SEDGWICK COUNTY, Kan. (KSNW) – Two crashes claiming seven lives — all taking place at one deadly Kansas intersection about 20 miles southwest of Wichita. Some Kansans say something needs to be done about this intersection in rural Sedgwick County.
Last Friday, a mom and four of her children died there after the sheriff’s office says a grain truck ran the stop sign. The crash hit home for another Kansas man, Ray Burford. More than two decades ago, he lost his parents at that very same spot.
In an exclusive interview with KSN News, Bret Buganski sat down with Burford and takes a look at what the county is doing to make the intersection safer.
Ray Burford’s parents were both killed in a crash at the same intersection where a mother and four children lost their lives.
“We had a ring on the doorbell and our daughter was first to the door,” Buford said. “They’d come to present us with the news that our folks had passed away in a car wreck.”
Tuesday, December 24, 1996 — that is a night that changed Burford and his family forever. He had just spent Christmas Eve with his parents, Glen and Peggy Burford, going to church and celebrating two special occasions during the festive holiday season.
“We shared a gift or two, a bit ahead of Christmas — opened up a couple of gifts, of course, my dad’s birthday is on the 24th,” Burford said. “I think my mom had shown us that she could still do 10 sit-ups without any difficulty, and this and that because our daughter had some sort of ab machine or something,” he recalled.
When asked what the last thing that he said to his parents before they left, Burford said, “If we had just taken another minute or filled that coffee one more time, they’d be here today.”
On that Christmas Eve in 1996, Glen and Peggy Burford were on their way back home to Conway Springs driving south on 263rd Street. Another driver didn’t stop at the intersection of 71st Street. The Sedgwick County Sheriff’s Office confirmed the eastbound stop sign was missing at the time of the crash, and a witness reported the stop sign had been missing since December 21, 1996.
The Burfords and the driver in the other vehicle all died at the scene from the ensuing collision.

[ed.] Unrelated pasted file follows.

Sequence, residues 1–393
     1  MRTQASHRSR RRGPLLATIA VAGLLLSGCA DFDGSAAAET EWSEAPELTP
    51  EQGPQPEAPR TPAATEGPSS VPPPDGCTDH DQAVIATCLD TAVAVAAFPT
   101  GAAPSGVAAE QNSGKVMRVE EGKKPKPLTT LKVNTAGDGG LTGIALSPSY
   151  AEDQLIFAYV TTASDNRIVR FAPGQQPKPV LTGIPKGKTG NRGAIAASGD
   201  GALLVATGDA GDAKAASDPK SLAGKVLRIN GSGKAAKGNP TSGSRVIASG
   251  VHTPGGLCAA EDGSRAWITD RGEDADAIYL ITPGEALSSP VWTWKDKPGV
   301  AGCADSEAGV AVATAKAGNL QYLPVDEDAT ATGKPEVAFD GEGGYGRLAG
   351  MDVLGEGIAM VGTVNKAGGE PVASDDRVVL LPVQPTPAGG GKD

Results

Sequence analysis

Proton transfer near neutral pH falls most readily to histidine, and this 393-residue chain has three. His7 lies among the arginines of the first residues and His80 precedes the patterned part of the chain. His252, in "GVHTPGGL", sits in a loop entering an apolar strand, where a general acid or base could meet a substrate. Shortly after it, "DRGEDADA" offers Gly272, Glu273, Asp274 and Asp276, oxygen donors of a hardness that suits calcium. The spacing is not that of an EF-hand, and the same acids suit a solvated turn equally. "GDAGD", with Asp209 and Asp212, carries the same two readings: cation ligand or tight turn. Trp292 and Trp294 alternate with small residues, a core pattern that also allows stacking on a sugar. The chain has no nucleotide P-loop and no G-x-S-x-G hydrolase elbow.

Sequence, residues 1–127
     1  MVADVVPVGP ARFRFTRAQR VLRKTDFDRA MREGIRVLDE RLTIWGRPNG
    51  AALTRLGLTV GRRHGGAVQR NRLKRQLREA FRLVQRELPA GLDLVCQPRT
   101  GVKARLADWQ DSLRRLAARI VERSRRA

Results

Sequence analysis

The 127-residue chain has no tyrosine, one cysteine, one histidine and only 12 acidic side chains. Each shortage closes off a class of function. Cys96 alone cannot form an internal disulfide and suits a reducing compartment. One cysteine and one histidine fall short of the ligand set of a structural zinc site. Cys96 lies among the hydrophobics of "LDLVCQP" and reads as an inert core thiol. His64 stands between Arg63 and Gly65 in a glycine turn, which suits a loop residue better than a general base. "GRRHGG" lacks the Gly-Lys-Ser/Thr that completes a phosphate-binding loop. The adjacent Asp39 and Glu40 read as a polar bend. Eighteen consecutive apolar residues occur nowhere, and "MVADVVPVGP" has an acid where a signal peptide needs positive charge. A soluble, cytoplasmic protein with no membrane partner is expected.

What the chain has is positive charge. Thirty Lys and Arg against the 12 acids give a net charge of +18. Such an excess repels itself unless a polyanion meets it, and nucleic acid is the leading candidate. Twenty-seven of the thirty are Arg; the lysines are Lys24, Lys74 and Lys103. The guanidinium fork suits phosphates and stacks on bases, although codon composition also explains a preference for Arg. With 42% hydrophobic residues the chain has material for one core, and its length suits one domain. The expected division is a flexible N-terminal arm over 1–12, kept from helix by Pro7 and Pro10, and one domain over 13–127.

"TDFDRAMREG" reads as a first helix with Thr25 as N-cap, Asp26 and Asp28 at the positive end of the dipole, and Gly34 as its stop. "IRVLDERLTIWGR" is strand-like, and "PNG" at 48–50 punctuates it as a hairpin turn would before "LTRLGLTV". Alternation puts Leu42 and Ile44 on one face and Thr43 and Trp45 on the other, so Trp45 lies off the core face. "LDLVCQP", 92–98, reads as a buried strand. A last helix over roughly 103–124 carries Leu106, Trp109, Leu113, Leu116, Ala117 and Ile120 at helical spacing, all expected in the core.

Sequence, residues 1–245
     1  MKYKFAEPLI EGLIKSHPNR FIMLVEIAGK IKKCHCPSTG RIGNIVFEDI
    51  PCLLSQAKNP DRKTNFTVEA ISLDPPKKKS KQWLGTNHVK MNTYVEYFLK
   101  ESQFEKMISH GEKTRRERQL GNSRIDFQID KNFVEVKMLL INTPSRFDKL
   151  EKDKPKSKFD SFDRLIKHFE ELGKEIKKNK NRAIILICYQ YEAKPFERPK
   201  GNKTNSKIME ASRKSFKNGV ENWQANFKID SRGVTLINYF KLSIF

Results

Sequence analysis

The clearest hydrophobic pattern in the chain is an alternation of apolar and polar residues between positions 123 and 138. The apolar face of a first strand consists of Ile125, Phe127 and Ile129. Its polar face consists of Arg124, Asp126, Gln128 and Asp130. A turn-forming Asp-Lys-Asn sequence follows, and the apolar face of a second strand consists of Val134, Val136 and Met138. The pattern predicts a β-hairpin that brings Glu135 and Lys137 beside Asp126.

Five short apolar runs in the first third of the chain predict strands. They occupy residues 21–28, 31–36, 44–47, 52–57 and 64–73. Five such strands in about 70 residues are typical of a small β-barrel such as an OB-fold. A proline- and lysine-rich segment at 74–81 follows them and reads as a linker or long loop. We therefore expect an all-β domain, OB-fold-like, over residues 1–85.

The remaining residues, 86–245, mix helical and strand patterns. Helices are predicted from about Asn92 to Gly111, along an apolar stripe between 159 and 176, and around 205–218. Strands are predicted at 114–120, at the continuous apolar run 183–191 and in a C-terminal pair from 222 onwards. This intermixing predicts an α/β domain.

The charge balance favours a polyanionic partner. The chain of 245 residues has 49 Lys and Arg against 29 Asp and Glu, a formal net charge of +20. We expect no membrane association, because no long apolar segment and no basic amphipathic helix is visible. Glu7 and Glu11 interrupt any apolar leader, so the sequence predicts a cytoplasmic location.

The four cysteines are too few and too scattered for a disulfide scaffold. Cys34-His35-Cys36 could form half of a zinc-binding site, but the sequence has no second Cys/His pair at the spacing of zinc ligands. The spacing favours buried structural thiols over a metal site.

Twenty-four years later, this same site became the scene of another deadly crash. On Sept. 25, 2020, Jessica Noel and her family also drove south on 263rd Street when a driver heading east also didn’t stop at the Stop sign. All five family members died in this crash.
KSN News found out there have been eight crashes at this particular intersection in the last 10 years, including Friday’s deadly crash. However, none of the other crashes were deadly.
Sedgwick County installed the 48-inch stop signs that are currently seen at that intersection in late 1997, which was in response to the 1996 Christmas Eve deadly crash. The county also installed rumble strips as part of a program in rural intersections with larger stop signs.
When KSN’s Bret Buganski was at the intersection on Tuesday, here’s how he explained what he saw.
“If you take a look here, these are rumble strips. they’re in the westbound lanes, and it’s designed to give drivers a warning to slow down before they reach the Stop sign. But in the eastbound lanes, you have this sign, but you won’t see any rumble strips.”
This is what Bret said when he returned to the same spot on Thursday.
“Two days later, when we’re back out here at this very same spot, and now there are rumble strips.”
Sedgwick County tells KSN the rumble strips were put back in as they were inadvertently omitted in a past maintenance project. They added that no one requested them to be reinstalled, they did it as soon as possible after they realized they were not in place.
When KSN News asked Sedgwick County when workers removed them, the county responded saying they weren’t sure because it was with a contract maintenance project, and they have had a few of them since they were initially installed.
Sedgwick County says this intersection does not have a crash rate that would spur additional changes at this time. The two most recent crashes are still under investigation, and we do not know all of the circumstances that contributed to them.
Ray Burford says both of these deadly crashes are examples of why they hope something changes at the intersection.
“This is more than just a happening once, in a blue moon, these are tragic events, Burford said. “It’s very hard to sit down and analyze those things and come up with a really good reason why those things happen.”